A court in Oman sentenced prominent blogger and activist Saeed Jadad to three years in jail over a letter he addressed to US president Barack Obama. In the letter published on the web on 31 May 2013, Jadad criticized US human rights policies in Gulf countries. He was convicted of undermining the country’s position and prestige, calling for gathering, and disruption of public order through his publications on social media.
Omani writer and blogger Muawiya Al Rawahi is reportedly being held incommunicado in the UAE after trying to cross the border into the country from Oman on 23 February. Muawiya is known for his political activism and has been critical of the UAE royal family on his Twitter account, @muawiyaalrawahi.
Saudi Arabia sentenced a man in his twenties to death after expressing anti Islam views online. In a video posted on the social networking site Keek last year, the man reportedly renounced his Muslim faith before ripping a copy of the Qur’an.
Blogger Raif Badawi sentenced to 10 years in jail and 1000 lashes for criticizing Saudi Arabia’s religious police and clerics is once again facing the risk of death penalty. Badawi’s wife Ensaf Haider told The Independent that judges want re-try him for apostasy, a crime punishable by death in the conservative kingdom. In 2013, a judge threw out the charge of apostasy against Badawi.
The blogger received 50 lashes in January, prompting international condemnation of Saudi Arabia’s human rights record. The remaining 19 rounds of lashing had since been halted for medical reasons. In a statement, the Saudi foreign ministry expressed “surprise and dismay” at criticism of Badawi’s case, rejecting any interference in its internal affairs.
Anonymous whistleblower @mujtahid is back to Twitter after his account with more than 1.7 million followers was suspended by the social networking site early in March. On Twitter since 2011, @Mujtahid has been publishing leaks about the luxurious lifestyle of and corruption inside the royal family. In January, he reported the death of the late king Abdullah hours before it was officially announced. Speaking to Middle East Eye, Mujtahid accused Twitter of giving in to pressure after suspending his account.
A group of Syrian activists in ISIS-controlled cities of ar-Raqqah and al-Bukamal are using social media to expose crimes committed by extremists and share photos and news from the occupied cities. These activities already landed two of the activists in the custody of the group; they were released a few days later.
On 16 February, 71 human rights groups called on the Syrian government to release Mazen Darwish, Hani Al-Zitani, and Hussein Gharir, from the Syrian Center for Media and Freedom of Expression (SCM) three years after their arrest. The three activists face accusations related to their rights activities including monitoring online news and publishing the names of the dead and disappeared. Darwish’s wife Yara Bader, who is currently serving as the acting director of SCM, was also arrested in 2012 but was soon after released.
The satirical news site tounesnews.com is back online after it was shut down by the web hosting service OVH following a removal request from the Tunisian authorities for spreading false news. The site was reportedly closed over a satirical article on tax evasion by the head of the industry and commerce union.The webhost had refused to hand over data related to the site’s administrators without a court order.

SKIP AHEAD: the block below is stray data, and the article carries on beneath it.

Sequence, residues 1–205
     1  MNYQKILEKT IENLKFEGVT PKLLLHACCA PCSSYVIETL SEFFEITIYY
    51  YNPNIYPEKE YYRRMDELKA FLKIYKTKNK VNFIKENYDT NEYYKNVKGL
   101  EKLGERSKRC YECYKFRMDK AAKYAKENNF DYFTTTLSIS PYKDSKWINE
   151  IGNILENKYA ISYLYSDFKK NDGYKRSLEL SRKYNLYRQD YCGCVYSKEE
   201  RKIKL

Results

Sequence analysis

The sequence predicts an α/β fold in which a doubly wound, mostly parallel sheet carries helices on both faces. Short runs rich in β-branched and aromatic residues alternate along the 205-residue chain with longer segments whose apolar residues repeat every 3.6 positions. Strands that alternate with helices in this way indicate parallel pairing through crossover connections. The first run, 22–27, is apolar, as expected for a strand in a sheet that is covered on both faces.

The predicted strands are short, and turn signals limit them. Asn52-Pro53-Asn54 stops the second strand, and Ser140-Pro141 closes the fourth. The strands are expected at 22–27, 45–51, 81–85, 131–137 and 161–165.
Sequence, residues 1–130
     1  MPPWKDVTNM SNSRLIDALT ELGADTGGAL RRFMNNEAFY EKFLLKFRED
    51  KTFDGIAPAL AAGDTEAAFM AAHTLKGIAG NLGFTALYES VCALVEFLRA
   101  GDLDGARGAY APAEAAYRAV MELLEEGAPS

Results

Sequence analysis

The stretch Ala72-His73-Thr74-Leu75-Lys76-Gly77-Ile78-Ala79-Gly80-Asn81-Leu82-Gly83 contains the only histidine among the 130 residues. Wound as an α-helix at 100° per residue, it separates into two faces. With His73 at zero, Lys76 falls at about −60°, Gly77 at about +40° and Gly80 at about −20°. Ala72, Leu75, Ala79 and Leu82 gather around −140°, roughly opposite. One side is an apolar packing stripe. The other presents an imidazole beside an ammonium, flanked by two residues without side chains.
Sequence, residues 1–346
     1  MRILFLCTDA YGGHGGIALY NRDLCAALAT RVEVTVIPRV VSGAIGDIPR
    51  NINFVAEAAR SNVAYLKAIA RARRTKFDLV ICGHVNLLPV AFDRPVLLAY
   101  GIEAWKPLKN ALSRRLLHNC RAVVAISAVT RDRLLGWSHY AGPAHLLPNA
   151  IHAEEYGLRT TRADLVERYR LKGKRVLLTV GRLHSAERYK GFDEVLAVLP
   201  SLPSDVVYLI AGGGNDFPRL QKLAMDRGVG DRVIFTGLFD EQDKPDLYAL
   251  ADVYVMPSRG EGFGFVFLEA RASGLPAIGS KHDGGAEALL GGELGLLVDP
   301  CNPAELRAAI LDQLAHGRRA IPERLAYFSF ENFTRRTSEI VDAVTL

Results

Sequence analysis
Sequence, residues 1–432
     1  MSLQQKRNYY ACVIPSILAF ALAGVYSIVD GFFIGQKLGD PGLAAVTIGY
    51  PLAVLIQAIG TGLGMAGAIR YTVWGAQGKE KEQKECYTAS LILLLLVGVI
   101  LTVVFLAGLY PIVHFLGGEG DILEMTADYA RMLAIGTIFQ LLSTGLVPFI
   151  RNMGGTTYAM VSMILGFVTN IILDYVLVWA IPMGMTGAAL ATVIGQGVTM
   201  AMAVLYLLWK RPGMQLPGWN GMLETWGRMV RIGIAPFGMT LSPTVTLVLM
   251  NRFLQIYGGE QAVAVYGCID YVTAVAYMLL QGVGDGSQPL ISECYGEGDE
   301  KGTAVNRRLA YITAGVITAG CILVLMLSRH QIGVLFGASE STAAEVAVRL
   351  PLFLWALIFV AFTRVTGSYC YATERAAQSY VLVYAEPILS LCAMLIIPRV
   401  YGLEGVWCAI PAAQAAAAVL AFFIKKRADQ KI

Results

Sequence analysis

United Arab Emirates
Authorities in Abu Dhabi arrested an American expat upon his return to the UAE, for comments he posted on Facebook while he was in Florida. Ryan Pate slammed his employer, Global Aerospace Logistics, after he was denied a sick leave extension. His employer filed a complaint against him under the country’s 2012 Cyber Crime Law, which make it an offence to use the net to mock or deride organisations and individuals. He risks up to five years in jail.
For months, activist Samia Al-Aghbari has been the target of a campaign of harassment and threats, causing her to temporarily take down her Facebook page and wear a niqab to cover her face. One such threat on her Facebook page said: “I swear to God that slaughtering you would be a promenade, don’t get your ugly face out.”
Al-Aghbari is one of a number of female journalists and activists who have constantly been accused of blasphemy or being a “non-believer” by religious fundamentalists for simply expressing certain ideas as a result of their political beliefs and activities. “Whoever stands against them, they will accuse him or her of blasphemy and spoil their careers and reputations, in order to make society react negatively to what journalists and activists write or say,” she said. “There is a systematic campaign against every woman who doesn’t wish to idly subject to others’ thoughts.”
- New research by the Brookings Institute presents a demographic snapshot of ISIS supporters on Twitter by analyzing a sample of 20,000 ISIS-supporting Twitter accounts
- The Berkeley Journal for Middle Eastern and Islamic Law published Arab Media Regulations: Identifying Restraints on Freedom of the Press in the Laws of Six Arabian Peninsula Countries
In other news
- Al Monitor published a report on the Islamic State’s social media strategy
From our partners
- SMEX interviews Eva Galperin from EFF on the subject of harassment on the internet
- SMEX’s Mohamed Najem and EFF’s Jillian York both commented on Facebook’s new Community Standards for Al Jazeera
- Global Conference on Cyberspace (The Hague), April 16-17
- The International Journalism Festival (Perugia, Italy), April 15-19
- re:publica (Berlin, Germany), May 5-7
Digital Citizen is brought to you by Advox, Access, EFF, Social Media Exchange, and 7iber.com. This month’s report was researched, edited, and written by Afef Abrougui, Ellery Roberts Biddle, Amira Al Hussaini, Khalid Ibrahim, Mohamed Najem, Courtney Radsch, and Jillian C. York, and translated into Arabic by Mohamed ElGohary.
Photo by thierry ehrmann, CC BY 2.0